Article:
- Author: Jeannette E. Warnert
The USDA, in conjunction with scientists at the UC Desert Research and Extension Center in El Centro, are crossbreeding carrots from around the world to blend benefits in a native California variant, according to an article in the Imperial Valley Press.
“Each variety was pretty unique,” Caywood was quoted. “Some were more tubular, others had thick crowns, and still others had long roots.”
USDA researcher Rob Kane told reporter William Roller that yellow carrots from France, red from China and purple from Turkey may have traits that make the vegetable healthier than common orange varieties and may allow farmers to produce a healthy crop with reduced chemical use.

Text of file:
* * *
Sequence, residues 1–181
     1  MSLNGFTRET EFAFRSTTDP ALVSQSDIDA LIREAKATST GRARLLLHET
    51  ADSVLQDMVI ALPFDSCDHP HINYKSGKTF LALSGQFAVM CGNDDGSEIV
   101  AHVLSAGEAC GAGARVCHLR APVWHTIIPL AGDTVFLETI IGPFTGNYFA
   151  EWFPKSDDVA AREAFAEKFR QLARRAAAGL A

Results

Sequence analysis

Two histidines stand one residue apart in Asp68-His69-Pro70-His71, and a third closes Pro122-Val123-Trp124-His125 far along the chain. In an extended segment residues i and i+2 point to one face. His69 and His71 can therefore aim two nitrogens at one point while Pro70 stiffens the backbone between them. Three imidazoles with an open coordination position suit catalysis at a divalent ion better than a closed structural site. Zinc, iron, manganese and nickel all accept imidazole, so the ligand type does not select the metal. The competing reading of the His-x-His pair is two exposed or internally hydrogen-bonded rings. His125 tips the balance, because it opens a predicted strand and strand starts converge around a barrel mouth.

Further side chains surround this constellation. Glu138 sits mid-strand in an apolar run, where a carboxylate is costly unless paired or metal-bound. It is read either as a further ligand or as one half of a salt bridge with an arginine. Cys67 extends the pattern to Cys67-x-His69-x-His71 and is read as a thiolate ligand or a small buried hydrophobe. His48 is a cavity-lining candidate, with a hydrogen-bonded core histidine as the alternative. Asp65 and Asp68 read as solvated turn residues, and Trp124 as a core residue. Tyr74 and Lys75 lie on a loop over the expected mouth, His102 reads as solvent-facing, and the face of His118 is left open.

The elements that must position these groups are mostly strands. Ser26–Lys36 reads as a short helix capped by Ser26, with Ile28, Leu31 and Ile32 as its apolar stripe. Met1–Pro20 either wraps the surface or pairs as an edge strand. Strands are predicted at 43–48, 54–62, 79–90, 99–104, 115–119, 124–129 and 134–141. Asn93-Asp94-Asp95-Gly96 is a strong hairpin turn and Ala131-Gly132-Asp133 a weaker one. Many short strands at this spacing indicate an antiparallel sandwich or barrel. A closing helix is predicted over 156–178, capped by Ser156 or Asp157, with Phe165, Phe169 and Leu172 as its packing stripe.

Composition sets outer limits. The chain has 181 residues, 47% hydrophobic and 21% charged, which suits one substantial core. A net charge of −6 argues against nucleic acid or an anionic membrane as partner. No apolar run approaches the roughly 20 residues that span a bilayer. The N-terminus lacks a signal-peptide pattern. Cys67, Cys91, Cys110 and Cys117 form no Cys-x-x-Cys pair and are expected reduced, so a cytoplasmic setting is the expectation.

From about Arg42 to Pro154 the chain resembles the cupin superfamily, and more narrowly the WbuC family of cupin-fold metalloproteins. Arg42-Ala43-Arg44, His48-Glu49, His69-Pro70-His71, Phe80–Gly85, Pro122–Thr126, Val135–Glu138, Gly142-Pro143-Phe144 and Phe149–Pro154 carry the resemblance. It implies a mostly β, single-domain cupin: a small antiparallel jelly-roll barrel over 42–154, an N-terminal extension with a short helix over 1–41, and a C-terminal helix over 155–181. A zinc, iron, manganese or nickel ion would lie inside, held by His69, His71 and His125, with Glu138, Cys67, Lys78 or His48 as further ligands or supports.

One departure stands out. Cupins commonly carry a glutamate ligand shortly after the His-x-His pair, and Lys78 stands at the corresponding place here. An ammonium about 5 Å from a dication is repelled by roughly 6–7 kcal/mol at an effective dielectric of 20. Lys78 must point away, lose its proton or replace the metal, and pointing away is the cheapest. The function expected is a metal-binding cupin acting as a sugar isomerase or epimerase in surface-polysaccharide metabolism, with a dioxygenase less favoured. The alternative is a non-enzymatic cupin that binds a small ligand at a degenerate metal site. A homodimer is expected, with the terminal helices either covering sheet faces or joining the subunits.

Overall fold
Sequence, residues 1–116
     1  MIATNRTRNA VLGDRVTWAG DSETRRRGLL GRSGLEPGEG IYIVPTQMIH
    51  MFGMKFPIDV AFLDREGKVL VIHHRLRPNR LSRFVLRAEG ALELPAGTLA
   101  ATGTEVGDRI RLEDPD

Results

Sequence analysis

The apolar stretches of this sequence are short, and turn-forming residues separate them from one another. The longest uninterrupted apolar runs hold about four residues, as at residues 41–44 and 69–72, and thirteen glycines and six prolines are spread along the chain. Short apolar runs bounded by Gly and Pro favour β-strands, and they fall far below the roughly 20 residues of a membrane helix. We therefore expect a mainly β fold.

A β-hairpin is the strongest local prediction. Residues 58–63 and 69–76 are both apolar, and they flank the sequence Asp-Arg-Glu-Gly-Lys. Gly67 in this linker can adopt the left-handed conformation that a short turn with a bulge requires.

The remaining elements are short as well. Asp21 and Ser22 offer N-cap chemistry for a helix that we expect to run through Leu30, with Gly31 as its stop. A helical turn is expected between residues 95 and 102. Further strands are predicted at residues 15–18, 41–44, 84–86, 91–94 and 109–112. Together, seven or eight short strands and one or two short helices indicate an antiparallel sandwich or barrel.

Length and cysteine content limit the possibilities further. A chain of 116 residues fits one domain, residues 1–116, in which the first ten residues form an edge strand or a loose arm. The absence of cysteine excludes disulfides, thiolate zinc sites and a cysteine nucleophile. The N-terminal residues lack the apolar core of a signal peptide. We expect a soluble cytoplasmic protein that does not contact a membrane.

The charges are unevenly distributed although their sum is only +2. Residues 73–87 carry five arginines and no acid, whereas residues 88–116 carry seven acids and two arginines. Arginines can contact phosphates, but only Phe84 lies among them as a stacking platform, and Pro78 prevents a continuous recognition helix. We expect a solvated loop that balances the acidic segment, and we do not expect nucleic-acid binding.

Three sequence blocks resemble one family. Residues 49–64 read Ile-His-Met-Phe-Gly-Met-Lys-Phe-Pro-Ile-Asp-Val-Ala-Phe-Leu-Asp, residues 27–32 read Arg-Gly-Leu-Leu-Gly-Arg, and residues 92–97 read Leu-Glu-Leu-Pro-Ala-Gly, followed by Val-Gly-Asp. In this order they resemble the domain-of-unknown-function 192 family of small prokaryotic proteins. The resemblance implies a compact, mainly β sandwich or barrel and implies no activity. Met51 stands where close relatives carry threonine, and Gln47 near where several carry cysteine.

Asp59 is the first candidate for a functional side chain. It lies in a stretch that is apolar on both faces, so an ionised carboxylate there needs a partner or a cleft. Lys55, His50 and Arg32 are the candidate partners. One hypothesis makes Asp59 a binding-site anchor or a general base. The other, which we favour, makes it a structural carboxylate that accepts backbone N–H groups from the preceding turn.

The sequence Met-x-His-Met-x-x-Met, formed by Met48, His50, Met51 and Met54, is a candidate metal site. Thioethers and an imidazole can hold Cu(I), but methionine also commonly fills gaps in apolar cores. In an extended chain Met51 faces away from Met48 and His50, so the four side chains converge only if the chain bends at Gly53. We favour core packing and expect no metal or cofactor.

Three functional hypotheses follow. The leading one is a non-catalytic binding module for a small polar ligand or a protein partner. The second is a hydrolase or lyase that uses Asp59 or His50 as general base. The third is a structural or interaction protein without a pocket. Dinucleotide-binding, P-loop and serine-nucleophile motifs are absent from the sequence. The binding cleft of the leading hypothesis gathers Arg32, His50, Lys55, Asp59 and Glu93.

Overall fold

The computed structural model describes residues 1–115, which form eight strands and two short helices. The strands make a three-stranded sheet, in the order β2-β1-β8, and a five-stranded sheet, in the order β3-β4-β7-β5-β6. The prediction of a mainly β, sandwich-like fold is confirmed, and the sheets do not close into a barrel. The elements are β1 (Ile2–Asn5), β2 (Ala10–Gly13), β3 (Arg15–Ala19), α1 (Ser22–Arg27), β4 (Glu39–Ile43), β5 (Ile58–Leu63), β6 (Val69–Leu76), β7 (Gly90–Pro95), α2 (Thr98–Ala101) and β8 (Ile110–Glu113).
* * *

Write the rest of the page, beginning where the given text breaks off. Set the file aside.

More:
Colorful carrots contain antioxidants, natural plant compounds that can help reduce the risk of certain cancers and heart disease. A Brazilian carrot being studied by USDA researcher Phil Simon may impart natural resistance to nematodes, microscopic, soil-borne pests that can cause stunted growth, forking or swelling of the vegetable.
To control the effects, farmers typically fumigate the soil, Simon said.
“We’re in the process of proving we can farm without nematicides,” Simon was quoted. “The industry will save money not using fumigants and we can benefit the environment.”